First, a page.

In June 1976, Russ had a professional meeting in Savannah, Georgia, and I tagged along to go birding. I had only been a birder for a little over a year and never anywhere near a coast, so my focus was entirely on seeing what I could find. Russ let me set our agenda during our free time, asking only that we spend a little time at one spot I wouldn’t have chosen—Fort Pulaski National Monument.
I tried to be gracious about it, but when we went inside, I was overcome with an overwhelming sadness—the very air seemed oppressive, in exactly the way I felt when we visited the Alamo. I couldn’t take it but didn’t want to dampen Russ’s enjoyment, so I stepped outside to stroll around the grounds a bit. That’s when I saw my lifer Least Tern—both a splendid bird and an important milestone—Number 200 on my lifelist.
This tiniest of all terns, lovely and graceful, nests on sand beaches and occasionally stony flat rooftops. This was the peak of the nesting season, but I didn’t know enough about Least Terns back then to even think to look for the nesting area. Instead, I stood, transfixed, watching several of these dainty birds catching fish in the moat around the fort.
For both Russ and me, that afternoon proved to be one of the most memorable of our trip. Since then I’ve seen them in California, Delaware, Florida, Georgia, Iowa, Maine, New York, Oklahoma, South Carolina, and Texas. I missed a Duluth sighting in 1986.
Least Terns are widespread and common here and there along the coasts and rivers of the United States and a bit of Canada. They require sandy beaches and spits for nesting, which are also among the areas people use for recreation, residential and tourist development, and water diversion, so it’s small wonder that the North American Breeding Bird Survey data show that Least Tern populations declined by about 88 percent between 1966 and 2015. The North American Waterbird Conservation Plan lists Least Tern as a Species of High Concern, and the species is on the 2016 State of North America's Birds' Watch List. Least Tern is classified as threatened, endangered, or as a species of concern for most states because of loss of nesting habitat, and the interior population has been federally listed as endangered since 1985.
Fortunately, when individual birds find a satisfactory spot to nest, they don’t seem to realize they’re imperiled—they go about their business and hope for the best, pretty much as we all go through life. Indeed, the oldest known Least Tern lived to be 24 years old. It had been banded in Massachusetts in 1957, and was killed by a predator in New Jersey in 1981.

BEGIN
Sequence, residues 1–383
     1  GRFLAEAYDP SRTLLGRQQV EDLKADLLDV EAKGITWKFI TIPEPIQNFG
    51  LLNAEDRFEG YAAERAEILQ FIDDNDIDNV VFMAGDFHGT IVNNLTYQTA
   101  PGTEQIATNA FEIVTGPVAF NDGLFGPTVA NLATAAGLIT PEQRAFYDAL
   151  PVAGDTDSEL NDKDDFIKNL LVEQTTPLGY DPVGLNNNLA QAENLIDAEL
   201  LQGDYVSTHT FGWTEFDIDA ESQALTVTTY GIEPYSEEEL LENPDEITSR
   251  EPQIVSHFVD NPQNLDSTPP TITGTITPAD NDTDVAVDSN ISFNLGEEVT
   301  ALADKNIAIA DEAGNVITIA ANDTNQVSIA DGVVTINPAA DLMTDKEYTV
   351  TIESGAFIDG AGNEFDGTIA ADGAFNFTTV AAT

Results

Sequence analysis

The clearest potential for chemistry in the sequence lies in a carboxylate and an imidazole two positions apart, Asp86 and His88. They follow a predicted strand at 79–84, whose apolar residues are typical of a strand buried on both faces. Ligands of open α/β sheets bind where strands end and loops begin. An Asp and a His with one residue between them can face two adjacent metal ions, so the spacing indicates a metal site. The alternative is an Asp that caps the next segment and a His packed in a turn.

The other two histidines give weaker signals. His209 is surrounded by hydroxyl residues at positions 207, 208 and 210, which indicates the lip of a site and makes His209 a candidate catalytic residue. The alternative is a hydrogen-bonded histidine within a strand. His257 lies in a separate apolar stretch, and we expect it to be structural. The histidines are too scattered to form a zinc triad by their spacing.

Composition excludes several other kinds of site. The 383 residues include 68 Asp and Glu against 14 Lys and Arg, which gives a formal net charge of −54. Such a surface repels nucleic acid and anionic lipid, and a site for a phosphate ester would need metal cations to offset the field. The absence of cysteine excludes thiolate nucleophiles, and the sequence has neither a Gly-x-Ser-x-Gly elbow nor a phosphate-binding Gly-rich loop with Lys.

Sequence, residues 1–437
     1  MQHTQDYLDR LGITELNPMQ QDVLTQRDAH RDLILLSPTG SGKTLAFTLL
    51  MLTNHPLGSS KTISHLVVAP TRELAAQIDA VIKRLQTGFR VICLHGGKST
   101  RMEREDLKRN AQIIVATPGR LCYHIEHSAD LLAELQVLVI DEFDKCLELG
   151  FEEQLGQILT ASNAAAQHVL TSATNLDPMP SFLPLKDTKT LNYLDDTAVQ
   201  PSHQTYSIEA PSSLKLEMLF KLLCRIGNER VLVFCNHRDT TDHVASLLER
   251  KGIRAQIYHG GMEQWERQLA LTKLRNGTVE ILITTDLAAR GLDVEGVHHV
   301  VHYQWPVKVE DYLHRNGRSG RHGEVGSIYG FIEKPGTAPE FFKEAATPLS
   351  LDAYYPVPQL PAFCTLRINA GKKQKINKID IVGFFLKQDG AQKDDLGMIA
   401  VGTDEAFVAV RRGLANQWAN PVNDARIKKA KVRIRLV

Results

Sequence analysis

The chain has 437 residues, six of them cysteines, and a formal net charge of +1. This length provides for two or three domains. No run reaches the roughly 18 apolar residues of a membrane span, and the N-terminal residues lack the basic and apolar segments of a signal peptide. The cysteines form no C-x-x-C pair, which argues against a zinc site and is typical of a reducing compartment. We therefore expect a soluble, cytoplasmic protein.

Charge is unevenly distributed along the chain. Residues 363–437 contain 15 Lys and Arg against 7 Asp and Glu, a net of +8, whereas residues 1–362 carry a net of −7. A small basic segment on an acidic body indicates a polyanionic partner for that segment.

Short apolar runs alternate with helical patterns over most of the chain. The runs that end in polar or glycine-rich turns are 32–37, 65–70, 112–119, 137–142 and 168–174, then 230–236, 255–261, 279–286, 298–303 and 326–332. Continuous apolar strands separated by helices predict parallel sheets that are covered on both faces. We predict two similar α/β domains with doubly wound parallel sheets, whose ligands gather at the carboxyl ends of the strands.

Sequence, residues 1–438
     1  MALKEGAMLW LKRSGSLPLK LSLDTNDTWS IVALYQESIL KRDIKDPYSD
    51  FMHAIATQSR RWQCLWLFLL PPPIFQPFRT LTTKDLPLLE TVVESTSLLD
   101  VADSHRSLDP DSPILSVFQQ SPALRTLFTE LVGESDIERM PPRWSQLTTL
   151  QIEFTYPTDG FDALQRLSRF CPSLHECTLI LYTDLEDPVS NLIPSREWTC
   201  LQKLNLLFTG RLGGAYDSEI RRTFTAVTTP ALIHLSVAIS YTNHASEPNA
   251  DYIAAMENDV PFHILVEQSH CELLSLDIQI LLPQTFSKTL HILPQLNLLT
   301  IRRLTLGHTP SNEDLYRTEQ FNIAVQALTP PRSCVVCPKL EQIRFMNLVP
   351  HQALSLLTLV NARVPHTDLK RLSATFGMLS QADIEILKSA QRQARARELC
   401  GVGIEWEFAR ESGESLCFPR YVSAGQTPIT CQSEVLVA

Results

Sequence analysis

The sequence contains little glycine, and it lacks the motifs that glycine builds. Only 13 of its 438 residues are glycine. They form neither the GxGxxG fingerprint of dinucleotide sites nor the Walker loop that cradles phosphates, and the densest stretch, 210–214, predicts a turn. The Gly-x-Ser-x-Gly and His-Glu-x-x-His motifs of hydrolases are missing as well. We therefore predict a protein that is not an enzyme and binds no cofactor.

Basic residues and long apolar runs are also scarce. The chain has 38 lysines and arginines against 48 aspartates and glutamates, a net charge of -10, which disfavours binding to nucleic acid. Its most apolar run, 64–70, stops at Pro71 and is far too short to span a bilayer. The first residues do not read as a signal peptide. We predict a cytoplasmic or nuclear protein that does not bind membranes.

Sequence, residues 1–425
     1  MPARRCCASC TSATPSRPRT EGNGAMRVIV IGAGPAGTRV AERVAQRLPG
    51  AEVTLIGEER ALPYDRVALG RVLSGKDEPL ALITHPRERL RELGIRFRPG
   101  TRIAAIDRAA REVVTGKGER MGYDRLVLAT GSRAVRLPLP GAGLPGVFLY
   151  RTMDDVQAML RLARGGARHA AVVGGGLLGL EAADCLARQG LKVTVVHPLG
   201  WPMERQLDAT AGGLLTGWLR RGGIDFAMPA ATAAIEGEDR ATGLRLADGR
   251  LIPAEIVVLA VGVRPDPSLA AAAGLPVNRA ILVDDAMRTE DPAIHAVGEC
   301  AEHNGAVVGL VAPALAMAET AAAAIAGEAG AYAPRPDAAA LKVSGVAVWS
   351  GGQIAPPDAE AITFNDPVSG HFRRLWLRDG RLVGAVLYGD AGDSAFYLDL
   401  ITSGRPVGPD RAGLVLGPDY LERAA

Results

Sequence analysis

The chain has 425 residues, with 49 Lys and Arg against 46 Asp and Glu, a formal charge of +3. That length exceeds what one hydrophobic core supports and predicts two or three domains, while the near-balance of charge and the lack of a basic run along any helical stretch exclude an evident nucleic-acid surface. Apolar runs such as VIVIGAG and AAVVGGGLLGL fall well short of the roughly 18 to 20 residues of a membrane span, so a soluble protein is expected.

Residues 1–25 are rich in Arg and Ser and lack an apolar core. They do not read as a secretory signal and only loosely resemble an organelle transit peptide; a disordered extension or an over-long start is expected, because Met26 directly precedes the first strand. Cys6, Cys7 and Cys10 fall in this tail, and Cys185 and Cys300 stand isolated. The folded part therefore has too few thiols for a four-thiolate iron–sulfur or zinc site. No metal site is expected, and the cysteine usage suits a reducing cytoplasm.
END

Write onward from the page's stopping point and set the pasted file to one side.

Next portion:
Russ and I spent a splendid day with Least Terns at Popham Beach State Park in Maine a couple of weeks ago. This beach provides lots of recreation for people while setting off a wonderful swath of habitat for Least Terns and Piping Plovers. I counted a bare minimum of 25 Least Terns that day. The fairly large numbers meant that some of the birds had to nest closer to the edge of the roped off area than others, and two pairs were nesting close enough for me to photograph. Both of them had so far produced a single egg.
A complete clutch may contain just one egg but more often 2 or 3. According to the Birds of North America Online, incubation begins after the first egg is laid but nest may be inconsistently attended until the clutch is complete. I did see both females incubating their single egg, but also saw them standing a short distance away, so these eggs were probably laid that very day or the day before and the birds will probably produce one or two more.
I saw males fly in several times to deliver fish, and got photos and even video of this happening with the two nearby females. It was so thrilling to see courtship behaviors and flying and roosting and nesting birds. I'll enjoy the pictures and videos for years, each one bringing back to me yet another moment of the lovely day Russ and I spent with them.